With Mrs. Soblo, students worked on their Educational Tool. Students now are each responsible for 13 organisms in their Educational Tool. Some groups are making field guides and some groups are making games. Students are still working on researching and narrowing down the organisms they want to include, so they should have research to work on daily. 

Tuesday, October 22, 2013

10.22.13 Revision Begins

Now that we've narrowed down your prototype designs into the five that we as a class would like to bring to life, we have some major revisions to do. Just because a design was voted on doesn't mean that it's flawless. Now we have to pull out the microscope and find ALL the flaws so that we can revise them in our new groups. From our humble beginnings as 11 groups we transform into 5 mega groups. Each (new) group is now working on one of the five designs that you voted on as a class.

Today students took a serious look at the pallets in our tool room, and made some decisions about whether or not recycled materials would work for their purpose. What they imagined pallet wood to be, and what it really was did not match up. Students took some time to design a bird's eye view of the space and where they envisioned their deliverables going. Our next challenge is to take a close look at our prototypes with fresh eyes to see where we can make them better.

Here's a few of our winning prototypes: 
Our D9 Storage Chest

Storage Chair (Seat lifts up for student storage)

Storage Bench

Possible Pattern for the top of our Octangular Table.
Seats 16 and this thing is gonna rock!

With Mrs. Soblo students reattempted their dichotomous key quizzes using shapes instead of leaves. With Mrs. Auspelmyer students took notes on common citation mistakes in hopes that they won't make the same mistakes in the future, and with Coach West students began a study on culture in preparation for a future design challenge :)

Monday, October 21, 2013

You voted....Here they are!

As a class these were the top runners in our Prototype Defense Vote!

French Drain
Octangular Table and Benches
Storage Chairs (Group 4)
D9 Storage Chest
Pallet Garden

Congrats to these teams on great defenses and even more work to come. No hard feelings to our teams whose designs weren't chosen. There are plenty of ways for us to incorporate your ideas into our OLS!

10.21.13 Prototype Defense

This morning we're spending time putting the finishing touches on our Prototype Defenses. Student groups will present to the entire class and defend why their prototype should be the one we build to put in our outdoor learning space. Students have been working for the past two weeks on their prototypes, building plans, and 3-D sketches.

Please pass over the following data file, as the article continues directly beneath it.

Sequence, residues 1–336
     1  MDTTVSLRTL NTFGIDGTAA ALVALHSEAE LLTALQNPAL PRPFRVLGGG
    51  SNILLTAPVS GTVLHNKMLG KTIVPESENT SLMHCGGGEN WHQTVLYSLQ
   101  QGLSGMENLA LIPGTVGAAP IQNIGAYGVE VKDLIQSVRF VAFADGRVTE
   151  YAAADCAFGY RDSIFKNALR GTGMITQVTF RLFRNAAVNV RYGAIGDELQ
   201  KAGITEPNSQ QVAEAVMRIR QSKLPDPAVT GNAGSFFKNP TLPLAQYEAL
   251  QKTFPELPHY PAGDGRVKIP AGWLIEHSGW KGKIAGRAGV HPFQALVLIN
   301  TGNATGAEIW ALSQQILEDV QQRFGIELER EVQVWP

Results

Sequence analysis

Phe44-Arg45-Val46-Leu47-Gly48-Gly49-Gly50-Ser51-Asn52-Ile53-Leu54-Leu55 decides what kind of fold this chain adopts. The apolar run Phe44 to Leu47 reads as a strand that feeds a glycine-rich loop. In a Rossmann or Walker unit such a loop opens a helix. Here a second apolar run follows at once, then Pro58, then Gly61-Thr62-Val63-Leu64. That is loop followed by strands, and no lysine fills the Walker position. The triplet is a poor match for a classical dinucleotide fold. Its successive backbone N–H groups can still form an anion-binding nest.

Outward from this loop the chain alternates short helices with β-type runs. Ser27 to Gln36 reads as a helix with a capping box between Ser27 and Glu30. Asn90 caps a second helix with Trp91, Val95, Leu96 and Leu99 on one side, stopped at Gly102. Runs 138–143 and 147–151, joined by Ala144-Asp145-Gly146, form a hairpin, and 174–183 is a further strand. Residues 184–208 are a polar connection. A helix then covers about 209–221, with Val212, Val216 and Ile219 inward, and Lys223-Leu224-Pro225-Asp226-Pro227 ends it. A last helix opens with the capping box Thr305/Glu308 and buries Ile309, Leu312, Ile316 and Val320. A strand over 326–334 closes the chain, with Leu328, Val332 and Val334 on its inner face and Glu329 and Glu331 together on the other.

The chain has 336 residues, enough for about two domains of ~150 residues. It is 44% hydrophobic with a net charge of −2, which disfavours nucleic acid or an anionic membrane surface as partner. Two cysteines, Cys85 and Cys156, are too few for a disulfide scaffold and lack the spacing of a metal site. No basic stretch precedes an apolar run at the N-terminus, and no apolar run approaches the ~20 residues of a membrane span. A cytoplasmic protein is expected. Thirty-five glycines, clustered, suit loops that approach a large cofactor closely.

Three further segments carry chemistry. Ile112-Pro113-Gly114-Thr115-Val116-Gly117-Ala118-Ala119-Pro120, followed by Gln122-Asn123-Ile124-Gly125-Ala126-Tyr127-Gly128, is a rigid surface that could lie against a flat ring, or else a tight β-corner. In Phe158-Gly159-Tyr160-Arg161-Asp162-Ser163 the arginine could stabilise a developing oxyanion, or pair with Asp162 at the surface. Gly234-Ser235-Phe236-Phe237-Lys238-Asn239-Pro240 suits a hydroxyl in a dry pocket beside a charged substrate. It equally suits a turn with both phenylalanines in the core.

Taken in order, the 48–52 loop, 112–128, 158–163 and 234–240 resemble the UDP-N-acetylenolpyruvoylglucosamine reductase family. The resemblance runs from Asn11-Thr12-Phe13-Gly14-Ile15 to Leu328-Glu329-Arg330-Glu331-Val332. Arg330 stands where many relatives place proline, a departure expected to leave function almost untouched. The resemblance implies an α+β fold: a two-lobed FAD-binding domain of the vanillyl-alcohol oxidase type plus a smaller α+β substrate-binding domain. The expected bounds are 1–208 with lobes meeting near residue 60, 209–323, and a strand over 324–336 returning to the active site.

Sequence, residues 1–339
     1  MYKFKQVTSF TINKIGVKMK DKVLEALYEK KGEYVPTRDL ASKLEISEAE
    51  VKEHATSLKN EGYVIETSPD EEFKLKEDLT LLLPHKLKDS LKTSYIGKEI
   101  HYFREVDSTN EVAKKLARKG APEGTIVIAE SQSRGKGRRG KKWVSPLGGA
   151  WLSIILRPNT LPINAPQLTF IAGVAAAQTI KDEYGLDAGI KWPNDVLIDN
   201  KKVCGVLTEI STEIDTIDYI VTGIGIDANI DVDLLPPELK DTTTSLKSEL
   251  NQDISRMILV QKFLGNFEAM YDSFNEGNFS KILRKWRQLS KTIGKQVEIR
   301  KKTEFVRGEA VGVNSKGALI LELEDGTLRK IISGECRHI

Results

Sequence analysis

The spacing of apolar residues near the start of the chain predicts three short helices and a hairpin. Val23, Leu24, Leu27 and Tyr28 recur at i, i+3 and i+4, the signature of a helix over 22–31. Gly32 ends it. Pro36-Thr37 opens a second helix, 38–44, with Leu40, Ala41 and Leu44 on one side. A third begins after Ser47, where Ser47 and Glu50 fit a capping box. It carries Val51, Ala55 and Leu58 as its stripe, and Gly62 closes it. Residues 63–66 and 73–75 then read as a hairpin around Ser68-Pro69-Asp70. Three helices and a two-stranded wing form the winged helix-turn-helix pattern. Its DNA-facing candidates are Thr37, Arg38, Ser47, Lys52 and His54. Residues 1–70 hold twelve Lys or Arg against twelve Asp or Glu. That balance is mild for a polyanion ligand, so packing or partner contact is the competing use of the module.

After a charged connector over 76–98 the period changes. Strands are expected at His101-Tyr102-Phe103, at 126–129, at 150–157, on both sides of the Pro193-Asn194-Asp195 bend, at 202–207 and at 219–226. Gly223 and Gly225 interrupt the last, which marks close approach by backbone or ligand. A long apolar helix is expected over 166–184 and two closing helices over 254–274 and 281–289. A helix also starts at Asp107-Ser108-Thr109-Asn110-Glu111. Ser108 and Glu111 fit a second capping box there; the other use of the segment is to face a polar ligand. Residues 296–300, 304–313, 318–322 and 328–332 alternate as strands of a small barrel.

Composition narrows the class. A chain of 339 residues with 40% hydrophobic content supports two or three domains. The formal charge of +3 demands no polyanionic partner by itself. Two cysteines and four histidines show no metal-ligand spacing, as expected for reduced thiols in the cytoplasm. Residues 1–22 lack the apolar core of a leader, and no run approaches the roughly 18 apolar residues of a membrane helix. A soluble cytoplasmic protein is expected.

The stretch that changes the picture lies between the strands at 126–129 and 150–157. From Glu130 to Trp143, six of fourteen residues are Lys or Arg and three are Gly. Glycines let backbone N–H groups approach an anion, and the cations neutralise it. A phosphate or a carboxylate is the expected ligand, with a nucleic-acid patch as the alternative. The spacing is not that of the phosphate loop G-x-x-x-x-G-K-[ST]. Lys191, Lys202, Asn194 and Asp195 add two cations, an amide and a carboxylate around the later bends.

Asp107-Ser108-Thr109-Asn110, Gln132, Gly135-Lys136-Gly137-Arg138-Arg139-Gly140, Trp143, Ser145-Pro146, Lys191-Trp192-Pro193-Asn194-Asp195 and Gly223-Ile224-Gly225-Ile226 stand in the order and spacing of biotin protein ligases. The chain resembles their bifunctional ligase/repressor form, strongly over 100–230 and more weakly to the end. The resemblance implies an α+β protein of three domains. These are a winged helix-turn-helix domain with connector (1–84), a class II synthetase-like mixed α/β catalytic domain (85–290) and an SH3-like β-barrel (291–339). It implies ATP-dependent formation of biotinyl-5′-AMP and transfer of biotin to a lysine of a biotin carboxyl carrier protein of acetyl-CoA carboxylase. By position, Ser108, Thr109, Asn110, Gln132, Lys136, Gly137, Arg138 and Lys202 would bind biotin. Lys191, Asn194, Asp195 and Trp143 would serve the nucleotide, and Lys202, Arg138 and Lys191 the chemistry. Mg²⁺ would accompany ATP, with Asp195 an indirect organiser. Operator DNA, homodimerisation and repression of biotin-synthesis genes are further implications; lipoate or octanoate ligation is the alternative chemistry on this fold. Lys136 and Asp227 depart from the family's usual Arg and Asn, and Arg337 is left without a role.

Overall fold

Requirements for Presentation:

  1. Title
  2. Scale of Prototype
  3. Materials (What they want to use to build with)
  4. Plans on graph paper with scale
  5. Defense Prepared
    • Why does this design meet the needs of the users?
    • Why is this design the most sustainable of its category?
    • Why is this design the most functional of its category?
    • Why is this design the best in its category?
Students must put together a Google Presentation with pictures of their prototype- 5 slides in total. One picture of each of the four sides and one bird's eye view.

Students will use this link to access the form.

After presentations, students should complete at Stop-Drop-Reflect on what they just saw.

Answer these questions on a separate piece of paper. Name and Group Title at the top.
1. Based on what you saw, how feel your group compared to other groups? Were you as prepared? Was your prototype as detailed and complete? How well thought out was your design in comparison to other groups' design?

2. Based on what you saw, what changes, if any, would you make to your design? Be specific. What elements were frequently combined in the different prototypes? Did these combinations make sense? What combinations might we make that we did not see already?

3. Were there any prototypes that you would rule out automatically because they were too complex for the space, too labor intensive for our deadline (Dec. 20), or you felt they did not make sense? If so, explain what traits about that specific prototype makes you want to take it out of the running.

These go to Coach K.

We'll see how it goes!

Tuesday, October 15, 2013

10.15.13 Prototype Defense Evaluation

Just in case you wanted to know what form we'll be using to vote on prototypes, here it is. It'll go live tomorrow morning when we begin presentations. Keep these things in mind as you're planning your defense.